Practical Techie: Blocking spam, identifying unknown callers is viable online
There’s an app for everything on the web. A recent estimate is that 8.93 million mobile apps roam our planetary cyberspace. This according to a report from the platform RiskIQ which estimates that by 2025 the count for app downloads will be near the 200 billion mark. Most apps have no practical use for professional digital citizens as the greatest offering is in the entertainment field.
Yet, most net citizens are prone to receiving robocalls or bots that want to sell the user merchandise and services or get their attention for some cause or organization. Many times, for hackery. But mercifully, certain apps help users identify unknown or usually blocked numbers that somehow get through to a mobile phone.
BLOCKERS — The best blocker apps should notify when it stops a call, in case that a user wants to call back to maybe let off steam. The app should describe the number of anonymous calls in real-time and automatically block spam or protect from falling into malicious traps. Also, create a blocker´s list so that next time a protective message is automatically played, falsely claiming the number is disconnected.
One of the most popular of these apps is TrapCall, available for both iOS and Android devices. Its platform promises users to take back their privacy and detect who’s hiding behind a No Caller ID, Restricted, and Unknown number. Also, to end unwanted spam calls from robocalls and telemarketers. The good blockers should also force callers to identify themselves and to let the user record the call before allowing the call to go through.
ID — There are also caller-ID apps. One is Truecaller. It not only identifies spammers and weird calls but also SMS messages from any part of the world. The ID function displays the caller’s number on the receiver’s phone before answering the call, along with the name, location, and more information about the caller when available. It should differentiate between an unknown, unsolicited caller or an important call. Privacy is protected. Both apps mentioned above follow the Google Play and Apple App Store guidelines, which prohibit applications from uploading client phonebooks to make them searchable or public.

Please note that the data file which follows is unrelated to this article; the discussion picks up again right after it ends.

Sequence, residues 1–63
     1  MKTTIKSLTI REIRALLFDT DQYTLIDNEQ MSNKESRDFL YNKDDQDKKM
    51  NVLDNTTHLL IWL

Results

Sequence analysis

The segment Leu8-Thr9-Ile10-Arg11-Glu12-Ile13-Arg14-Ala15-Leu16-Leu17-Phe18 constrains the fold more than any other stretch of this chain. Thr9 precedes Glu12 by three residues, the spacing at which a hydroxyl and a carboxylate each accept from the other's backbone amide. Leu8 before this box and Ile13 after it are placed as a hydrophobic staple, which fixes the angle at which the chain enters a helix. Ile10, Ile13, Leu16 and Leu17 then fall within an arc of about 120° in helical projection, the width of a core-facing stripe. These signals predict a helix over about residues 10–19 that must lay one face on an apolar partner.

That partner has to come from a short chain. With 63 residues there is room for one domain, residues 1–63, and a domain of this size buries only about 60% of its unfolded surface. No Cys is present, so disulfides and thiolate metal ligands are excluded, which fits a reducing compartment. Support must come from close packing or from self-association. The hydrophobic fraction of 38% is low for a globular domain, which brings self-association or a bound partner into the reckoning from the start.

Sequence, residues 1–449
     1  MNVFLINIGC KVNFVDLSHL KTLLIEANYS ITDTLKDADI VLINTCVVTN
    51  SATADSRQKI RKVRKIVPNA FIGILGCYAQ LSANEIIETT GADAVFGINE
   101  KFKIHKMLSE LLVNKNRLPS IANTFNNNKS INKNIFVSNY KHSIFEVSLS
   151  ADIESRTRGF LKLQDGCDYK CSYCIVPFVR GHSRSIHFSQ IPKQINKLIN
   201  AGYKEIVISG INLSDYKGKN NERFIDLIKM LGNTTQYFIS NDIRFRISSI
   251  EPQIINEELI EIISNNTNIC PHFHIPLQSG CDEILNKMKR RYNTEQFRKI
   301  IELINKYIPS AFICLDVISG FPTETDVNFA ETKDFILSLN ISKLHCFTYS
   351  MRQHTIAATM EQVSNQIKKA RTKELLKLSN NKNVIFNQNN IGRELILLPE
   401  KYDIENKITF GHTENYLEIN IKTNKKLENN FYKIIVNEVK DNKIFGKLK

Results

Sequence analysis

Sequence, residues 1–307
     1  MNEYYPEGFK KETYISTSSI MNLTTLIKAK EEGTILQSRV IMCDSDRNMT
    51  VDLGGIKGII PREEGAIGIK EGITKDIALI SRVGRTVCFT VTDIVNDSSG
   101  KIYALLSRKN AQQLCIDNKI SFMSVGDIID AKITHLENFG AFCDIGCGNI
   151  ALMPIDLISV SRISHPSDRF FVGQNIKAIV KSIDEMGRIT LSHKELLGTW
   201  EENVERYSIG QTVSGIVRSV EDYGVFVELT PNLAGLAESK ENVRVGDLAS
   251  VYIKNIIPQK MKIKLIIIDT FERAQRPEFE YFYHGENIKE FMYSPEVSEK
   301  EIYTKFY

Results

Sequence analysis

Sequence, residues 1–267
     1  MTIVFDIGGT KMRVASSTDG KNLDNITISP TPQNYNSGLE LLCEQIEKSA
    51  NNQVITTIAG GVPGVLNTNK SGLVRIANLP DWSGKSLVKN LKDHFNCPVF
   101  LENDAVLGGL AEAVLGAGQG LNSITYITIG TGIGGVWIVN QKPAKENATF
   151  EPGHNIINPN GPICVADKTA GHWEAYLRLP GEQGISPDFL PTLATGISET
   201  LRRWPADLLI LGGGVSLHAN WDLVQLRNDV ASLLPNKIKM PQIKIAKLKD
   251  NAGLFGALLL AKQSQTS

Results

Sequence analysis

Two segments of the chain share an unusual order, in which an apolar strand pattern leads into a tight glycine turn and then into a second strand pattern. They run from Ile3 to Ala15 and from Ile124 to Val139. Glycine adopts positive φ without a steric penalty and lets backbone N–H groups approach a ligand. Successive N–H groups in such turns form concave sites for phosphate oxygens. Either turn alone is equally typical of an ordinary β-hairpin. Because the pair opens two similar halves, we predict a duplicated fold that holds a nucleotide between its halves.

FREEOS — All the best blocking or ID apps charge a monthly user fee. But there are free ways to find out who just called a user´s phone. These apps are called “reverse phone lookup sites.” The list includes CocoFinder, Spokeo, PeopleFinders, Truecaller, CellRevealer, Truthfinder, and Zlookup. Truth finder, for example, can be used to check a caller’s real name, location, background information, phone number, address, and many more items. These other two, Spy Dialer and Spytox have suggestive names about clandestine intelligence services, but it’s all about branding not spooking. These free services offer basic caller identification. More in-depth searches or protective functions require payment.
SPYWARE — Internet users worldwide are prey to spamming, automated sales calls, and privacy intrusions. Spyware companies like RCS Labs make no secret that their clientele consists of law enforcement agencies using surveillance software. The intrusion list includes business executives, human rights activists, journalists, academics, and government officials. Some spyware platforms even impersonate legitimate companies, such as ISPs and smartphone manufacturers. Their malware can disable a data connection and send a link via text message to recover the target ID. A user is usually prompted to download an application when opening a message, but the link is malicious. The spyware’s other trick is disguising itself as a messaging application such as Facebook Messenger, or WhatsApp. Google has been tracking commercial spyware tools for years and put out a blog post detailing “government-backed actors” in Europe. Good reading.